UK Govt set to derail Holyrood ‘sex-swap’ law

The Scotland Secretary has announced the UK Government’s decision to block Holyrood’s gender self-ID Bill on constitutional grounds.

Exercising powers under the Scotland Act 1998, Alister Jack MP made an order last night prohibiting the Presiding Officer of the Scottish Parliament from submitting the Bill for Royal Assent.

On 22 December last year, MSPs voted in favour of the new law which would allow 16-year-olds to change their legal sex by self-declaration without a medical diagnosis.

‘Adverse impact’

Jack announced: “After thorough and careful consideration of all the relevant advice and the policy implications, I am concerned that this legislation would have an adverse impact on the operation of Great Britain-wide equalities legislation.”

In a letter to First Minister Nicola Sturgeon, Jack said that the Bill risked “creating significant complications from having two different gender recognition regimes in the UK”, including “allowing more fraudulent bad faith applications”.

The Secretary of State raised particular concerns about the implications of the Bill’s provisions permitting “16 and 17 year olds to change their legal sex”.

Responding to the announcement, Sturgeon accused Westminster of launching “a full-frontal attack” on Holyrood and said the Scottish Government would “defend the legislation”.

Reserved matter

The announcement has been expected for days. Last week, the Prime Minister said he was “concerned” about the “impacts across the UK” of the legislation, and added that “once the Government has received final advice it will set out next steps”.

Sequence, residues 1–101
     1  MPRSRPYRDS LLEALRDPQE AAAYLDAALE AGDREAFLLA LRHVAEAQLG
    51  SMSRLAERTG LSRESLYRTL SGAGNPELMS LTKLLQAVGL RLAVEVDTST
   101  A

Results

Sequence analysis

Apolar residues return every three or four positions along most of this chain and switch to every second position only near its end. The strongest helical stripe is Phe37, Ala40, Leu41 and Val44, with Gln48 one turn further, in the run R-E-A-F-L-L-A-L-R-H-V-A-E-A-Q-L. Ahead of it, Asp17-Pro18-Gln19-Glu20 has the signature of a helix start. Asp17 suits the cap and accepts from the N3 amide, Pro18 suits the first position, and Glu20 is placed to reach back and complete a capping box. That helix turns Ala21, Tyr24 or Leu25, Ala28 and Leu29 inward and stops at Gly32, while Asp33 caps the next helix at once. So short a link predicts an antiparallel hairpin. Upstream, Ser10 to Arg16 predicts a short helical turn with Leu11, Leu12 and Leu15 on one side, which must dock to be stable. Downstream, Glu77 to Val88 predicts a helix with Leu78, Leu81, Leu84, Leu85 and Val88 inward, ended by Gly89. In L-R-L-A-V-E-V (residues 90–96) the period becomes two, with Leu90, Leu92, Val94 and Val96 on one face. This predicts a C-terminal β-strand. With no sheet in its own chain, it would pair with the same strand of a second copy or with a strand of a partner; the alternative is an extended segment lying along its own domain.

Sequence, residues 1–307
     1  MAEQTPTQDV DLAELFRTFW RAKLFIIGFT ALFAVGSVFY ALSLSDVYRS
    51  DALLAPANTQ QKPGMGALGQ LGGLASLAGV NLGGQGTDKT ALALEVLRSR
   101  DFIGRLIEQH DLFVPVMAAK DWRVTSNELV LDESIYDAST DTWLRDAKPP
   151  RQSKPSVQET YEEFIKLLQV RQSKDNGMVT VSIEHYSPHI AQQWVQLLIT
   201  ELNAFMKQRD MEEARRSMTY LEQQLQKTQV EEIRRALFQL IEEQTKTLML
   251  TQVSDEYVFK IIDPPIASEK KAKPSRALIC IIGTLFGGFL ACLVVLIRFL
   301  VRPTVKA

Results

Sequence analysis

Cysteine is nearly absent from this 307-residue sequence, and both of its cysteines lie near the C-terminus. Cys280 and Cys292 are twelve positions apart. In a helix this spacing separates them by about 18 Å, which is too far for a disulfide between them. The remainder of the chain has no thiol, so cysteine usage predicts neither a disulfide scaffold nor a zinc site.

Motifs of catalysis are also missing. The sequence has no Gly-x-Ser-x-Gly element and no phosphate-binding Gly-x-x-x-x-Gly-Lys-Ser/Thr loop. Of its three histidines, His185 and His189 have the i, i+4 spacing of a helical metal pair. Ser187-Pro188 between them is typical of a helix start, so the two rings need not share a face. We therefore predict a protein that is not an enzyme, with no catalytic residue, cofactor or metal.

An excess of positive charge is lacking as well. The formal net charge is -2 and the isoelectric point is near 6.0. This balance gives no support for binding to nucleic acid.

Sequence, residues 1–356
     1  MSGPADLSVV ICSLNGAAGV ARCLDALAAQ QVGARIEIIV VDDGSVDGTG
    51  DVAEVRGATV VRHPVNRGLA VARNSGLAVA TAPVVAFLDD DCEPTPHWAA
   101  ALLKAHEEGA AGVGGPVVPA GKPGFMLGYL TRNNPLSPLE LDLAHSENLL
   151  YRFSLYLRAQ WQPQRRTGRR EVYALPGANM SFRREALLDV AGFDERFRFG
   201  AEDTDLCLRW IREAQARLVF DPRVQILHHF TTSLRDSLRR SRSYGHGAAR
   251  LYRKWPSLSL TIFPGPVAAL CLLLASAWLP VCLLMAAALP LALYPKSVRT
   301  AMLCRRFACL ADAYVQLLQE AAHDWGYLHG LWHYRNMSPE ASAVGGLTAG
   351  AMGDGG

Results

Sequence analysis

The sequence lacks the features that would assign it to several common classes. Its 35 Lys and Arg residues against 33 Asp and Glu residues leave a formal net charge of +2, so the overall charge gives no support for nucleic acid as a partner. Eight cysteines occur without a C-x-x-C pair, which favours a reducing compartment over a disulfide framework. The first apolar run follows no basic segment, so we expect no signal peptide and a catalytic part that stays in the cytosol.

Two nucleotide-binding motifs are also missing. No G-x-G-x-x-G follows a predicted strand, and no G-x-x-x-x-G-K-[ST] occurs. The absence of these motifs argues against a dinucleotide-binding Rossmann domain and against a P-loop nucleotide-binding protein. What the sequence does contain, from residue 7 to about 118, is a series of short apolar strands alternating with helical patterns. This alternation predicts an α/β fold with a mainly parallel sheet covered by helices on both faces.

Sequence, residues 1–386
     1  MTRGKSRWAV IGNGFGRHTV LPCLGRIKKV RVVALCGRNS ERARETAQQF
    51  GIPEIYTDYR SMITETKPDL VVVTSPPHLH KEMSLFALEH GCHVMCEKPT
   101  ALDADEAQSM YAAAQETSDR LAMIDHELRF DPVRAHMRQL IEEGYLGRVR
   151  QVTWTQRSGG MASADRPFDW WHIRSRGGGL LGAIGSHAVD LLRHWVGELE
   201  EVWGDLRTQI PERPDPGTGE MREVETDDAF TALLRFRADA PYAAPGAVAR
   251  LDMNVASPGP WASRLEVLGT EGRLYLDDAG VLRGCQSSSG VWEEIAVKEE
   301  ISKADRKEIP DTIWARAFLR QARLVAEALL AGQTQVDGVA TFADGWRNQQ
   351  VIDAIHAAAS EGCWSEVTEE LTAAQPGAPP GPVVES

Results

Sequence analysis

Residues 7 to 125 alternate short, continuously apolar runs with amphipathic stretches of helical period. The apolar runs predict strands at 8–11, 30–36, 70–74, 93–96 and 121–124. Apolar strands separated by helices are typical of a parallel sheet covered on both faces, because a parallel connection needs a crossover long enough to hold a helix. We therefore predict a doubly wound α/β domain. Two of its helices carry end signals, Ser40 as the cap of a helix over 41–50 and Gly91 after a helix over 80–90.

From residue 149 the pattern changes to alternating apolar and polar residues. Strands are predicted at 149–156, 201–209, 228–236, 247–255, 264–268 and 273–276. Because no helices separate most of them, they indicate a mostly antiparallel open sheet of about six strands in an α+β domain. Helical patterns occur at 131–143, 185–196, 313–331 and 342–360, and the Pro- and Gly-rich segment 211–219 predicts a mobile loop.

The Rt Hon the Lord Keen of Elie PC KC, a former Advocate General for Scotland, had previously urged Downing Street to block Holyrood’s gender self-ID Bill because of its impact on the rest of the UK.

Writing in the foreword of a report by Policy Exchange, Lord Keen said Scotland’s Gender Recognition Reform cut across the Equality Act 2010 which “clearly addresses issues reserved to the UK Government”.

Lord Keen stated: “It would not only be impractical but constitutionally improper for the UK Government to permit a devolved legislature to enact a provision that had a material impact upon the operation of the law throughout the United Kingdom.”


Ahead of the announcement, Conservative vice-chairwoman Rachel Maclean MP told the BBC that allowing gender self-ID would create “a huge number of consequences” across the UK’s whole “protection framework”.

She also said that it risked compromising the safety of “vulnerable women and girls” and would have an enormous impact on “our understanding” of what it means “to be a man or a woman”.

Also see:


SNP minister likens ‘sex swaps’ law to fighting apartheid

‘Trans propaganda helped destroy my life’ says detransitioning US Navy SEAL

Scotland: MSPs vote to approve legal sex-swaps for kids

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